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Statement on Signing the Department of Defense Appropriations Act, FY 2001

August 09, 2000

Today I have signed into law H.R. 4576, the "Department of Defense Appropriations Act, FY 2001." The bill approves funds to cover the Department's most critical needs, consistent with 1590 my request that reflected my strong commitment to our Nation's security. Our high military readiness must remain our top national security priority.

H.R. 4576 provides funding for all critical Defense activities—pay and other quality of life programs, readiness, and weapons modernization. The bill fully funds key compensation initiatives, including my request for a 3.7 percent pay increase for military personnel. I am pleased that the conferees agreed to provide full funding for a new pharmacy benefit for military retirees over the age of 65. This funding will ensure that those who dedicated their lives to military service benefit from comprehensive prescription drug coverage. I urge the Congress to provide a similar benefit to all retirees through the Medicare program. Additionally, the bill funds my requests for training, spare parts, equipment maintenance, and base operations—all items essential to military readiness.

I am also pleased that H.R. 4576 fully funds key modernization programs such as the F-22 fighter aircraft, the CVN-77 Nuclear Aircraft Carrier, and National Missile Defense. Finally, Public Law 106-246, the Emergency Supplemental Act, FY 2000, repealed provisions that were contained in the 1997 bipartisan budget agreement that would have shifted certain VA and SSI payments from FY 2000 to FY 2001. I am pleased that the bill does not reverse the repeal of these provisions and thus ensures that recipients will receive their payments on time.

Unfortunately, H.R. 4576 goes beyond what is necessary, providing funding for a host of unrequested programs at the expense of other core Government activities. It provides $287.5 billion in discretionary budget authority for programs funded by this bill. This funding level is $3.2 billion above my request, and $17.5 billion above the FY 2000 enacted level. My budget correctly addressed our most important FY 2001 military needs. Additionally, while the bill, in its entirety, provides sufficient funds to meet known contingency operations costs for FY 2001, it resorts to an emergency funding technique to meet the Appropriations Subcommittee allocation; it includes about $1.8 billion of standard operation and maintenance funding, which was requested in the FY 2001 Budget on a nonemergency basis, as FY 2000 emergency supplemental funding, of which $1.1 billion will be used to forward fund FY 2001 contingency operations in Kosovo, Bosnia, and Southwest Asia. Moreover, half of the funding for the pharmacy benefits for military retirees over the age of 65 is designated as an emergency.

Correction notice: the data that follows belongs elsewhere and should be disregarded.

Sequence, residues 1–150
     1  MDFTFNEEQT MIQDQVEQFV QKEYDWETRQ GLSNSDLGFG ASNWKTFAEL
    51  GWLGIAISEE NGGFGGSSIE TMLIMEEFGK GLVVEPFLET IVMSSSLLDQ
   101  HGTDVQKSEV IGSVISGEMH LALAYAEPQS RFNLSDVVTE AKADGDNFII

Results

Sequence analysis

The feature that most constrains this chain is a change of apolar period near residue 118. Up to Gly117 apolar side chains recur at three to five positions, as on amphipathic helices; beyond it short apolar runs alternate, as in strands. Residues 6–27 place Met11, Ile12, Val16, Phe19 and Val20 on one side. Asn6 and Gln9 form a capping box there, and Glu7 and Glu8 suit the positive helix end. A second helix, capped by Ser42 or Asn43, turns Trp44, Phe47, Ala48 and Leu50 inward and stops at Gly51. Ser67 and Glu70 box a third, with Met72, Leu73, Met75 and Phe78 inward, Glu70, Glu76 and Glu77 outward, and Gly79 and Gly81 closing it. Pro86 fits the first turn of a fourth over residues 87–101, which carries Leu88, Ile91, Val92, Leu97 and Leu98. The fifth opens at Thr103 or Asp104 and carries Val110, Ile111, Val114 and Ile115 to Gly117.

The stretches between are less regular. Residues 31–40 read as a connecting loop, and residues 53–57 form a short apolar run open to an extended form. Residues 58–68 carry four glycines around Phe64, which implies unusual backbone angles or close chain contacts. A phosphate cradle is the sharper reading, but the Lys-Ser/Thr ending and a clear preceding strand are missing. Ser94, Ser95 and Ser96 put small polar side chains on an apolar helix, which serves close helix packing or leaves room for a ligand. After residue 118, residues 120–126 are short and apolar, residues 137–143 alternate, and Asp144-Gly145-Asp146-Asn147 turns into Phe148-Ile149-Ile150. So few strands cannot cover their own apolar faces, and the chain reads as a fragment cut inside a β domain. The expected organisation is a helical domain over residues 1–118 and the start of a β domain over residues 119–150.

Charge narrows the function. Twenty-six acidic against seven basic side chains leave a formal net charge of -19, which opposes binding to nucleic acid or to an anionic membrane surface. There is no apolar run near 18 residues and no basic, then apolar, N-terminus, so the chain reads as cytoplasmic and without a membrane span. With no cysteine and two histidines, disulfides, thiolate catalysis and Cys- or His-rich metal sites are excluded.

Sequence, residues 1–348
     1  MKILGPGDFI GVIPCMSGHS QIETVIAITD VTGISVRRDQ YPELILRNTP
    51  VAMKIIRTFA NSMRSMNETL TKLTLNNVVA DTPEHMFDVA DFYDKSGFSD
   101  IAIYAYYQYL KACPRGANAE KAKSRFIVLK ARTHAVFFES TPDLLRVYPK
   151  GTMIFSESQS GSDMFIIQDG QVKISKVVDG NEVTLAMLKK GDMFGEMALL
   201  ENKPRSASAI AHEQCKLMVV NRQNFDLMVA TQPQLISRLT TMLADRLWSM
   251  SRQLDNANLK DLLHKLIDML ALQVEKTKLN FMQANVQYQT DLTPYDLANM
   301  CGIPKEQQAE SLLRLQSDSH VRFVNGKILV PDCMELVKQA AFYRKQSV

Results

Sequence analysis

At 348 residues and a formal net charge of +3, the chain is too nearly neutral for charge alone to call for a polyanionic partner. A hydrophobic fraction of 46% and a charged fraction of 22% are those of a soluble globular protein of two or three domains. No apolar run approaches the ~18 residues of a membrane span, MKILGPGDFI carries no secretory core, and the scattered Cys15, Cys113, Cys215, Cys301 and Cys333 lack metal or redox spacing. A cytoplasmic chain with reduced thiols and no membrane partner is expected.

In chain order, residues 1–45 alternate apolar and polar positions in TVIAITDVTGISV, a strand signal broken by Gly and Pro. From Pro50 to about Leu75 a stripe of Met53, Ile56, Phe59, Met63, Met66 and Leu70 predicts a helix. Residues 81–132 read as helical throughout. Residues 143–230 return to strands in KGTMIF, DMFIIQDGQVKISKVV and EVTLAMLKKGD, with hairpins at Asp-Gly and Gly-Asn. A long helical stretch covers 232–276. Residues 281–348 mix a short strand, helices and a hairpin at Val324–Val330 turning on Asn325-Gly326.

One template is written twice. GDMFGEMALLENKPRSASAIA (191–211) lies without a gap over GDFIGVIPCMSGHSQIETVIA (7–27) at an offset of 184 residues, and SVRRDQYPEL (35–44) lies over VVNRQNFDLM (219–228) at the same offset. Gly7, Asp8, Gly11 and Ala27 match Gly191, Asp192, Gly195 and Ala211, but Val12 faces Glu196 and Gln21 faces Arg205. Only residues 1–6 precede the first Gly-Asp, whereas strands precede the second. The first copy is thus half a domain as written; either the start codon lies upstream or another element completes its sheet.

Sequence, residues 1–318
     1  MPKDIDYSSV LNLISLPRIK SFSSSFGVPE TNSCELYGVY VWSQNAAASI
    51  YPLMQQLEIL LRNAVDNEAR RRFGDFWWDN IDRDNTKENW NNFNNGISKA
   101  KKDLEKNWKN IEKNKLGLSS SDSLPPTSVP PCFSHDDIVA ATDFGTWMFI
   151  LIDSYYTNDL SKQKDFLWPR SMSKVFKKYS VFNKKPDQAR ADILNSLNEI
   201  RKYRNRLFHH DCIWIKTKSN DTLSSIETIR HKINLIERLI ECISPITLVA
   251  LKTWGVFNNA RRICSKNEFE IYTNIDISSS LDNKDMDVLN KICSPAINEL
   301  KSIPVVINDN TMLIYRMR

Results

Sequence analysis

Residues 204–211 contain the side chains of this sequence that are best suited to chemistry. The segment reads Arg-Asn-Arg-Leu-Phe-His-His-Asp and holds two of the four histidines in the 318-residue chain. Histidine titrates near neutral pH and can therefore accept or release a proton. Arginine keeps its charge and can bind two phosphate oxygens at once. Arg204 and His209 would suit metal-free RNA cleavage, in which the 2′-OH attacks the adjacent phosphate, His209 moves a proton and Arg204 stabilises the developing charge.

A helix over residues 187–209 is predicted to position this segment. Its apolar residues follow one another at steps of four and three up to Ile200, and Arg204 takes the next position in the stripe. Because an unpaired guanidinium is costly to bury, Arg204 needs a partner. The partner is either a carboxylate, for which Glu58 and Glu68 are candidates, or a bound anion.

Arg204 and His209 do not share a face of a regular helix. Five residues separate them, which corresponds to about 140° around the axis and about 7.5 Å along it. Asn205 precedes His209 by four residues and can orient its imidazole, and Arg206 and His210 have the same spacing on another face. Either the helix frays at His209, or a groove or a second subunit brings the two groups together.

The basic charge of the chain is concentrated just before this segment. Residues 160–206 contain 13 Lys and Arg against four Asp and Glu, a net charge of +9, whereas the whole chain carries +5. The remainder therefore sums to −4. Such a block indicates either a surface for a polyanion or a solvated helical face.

Regrettably, the bill also denies or reduces the necessary funds for key programs included in my request. The resulting cuts are troubling. I am disappointed that the bill does not fund the chemical weapons destruction facility at Shchuch'ye, Russia, which is vital to our security and international nonproliferation efforts. The significant cuts in the bill to both our Cooperative Threat Reduction Defense and Military Contacts program and the Partnership for Peace program will noticeably undermine these initiatives. I am also concerned that the bill makes reductions to my request for the Joint Strike Fighter and LPD-17 amphibious ship program.

Lastly, the bill does not fund the $324 million a year required for wage credits to Social Security for certain military, nontaxable income. I urge the Congress to adopt legislation I proposed, which would eliminate the requirement for the payments.

While I am disappointed that the Congress has funded FY 2001 activities through FY 2000 emergency funds—an approach that should not be repeated—I will designate as emergency requirements the FY 2000 funds in the Act that the Congress has so designated.

I have signed this bill because, on balance, it demonstrates our commitment to the military, meets our obligations to the troops, maintains readiness, and funds modernization efforts that will ensure our technological edge in the 21st Century.


The White House, August 9, 2000.

NOTE: H.R. 4576, approved August 9, was assigned Public Law No. 106-259.

William J. Clinton, Statement on Signing the Department of Defense Appropriations Act, FY 2001 Online by Gerhard Peters and John T. Woolley, The American Presidency Project

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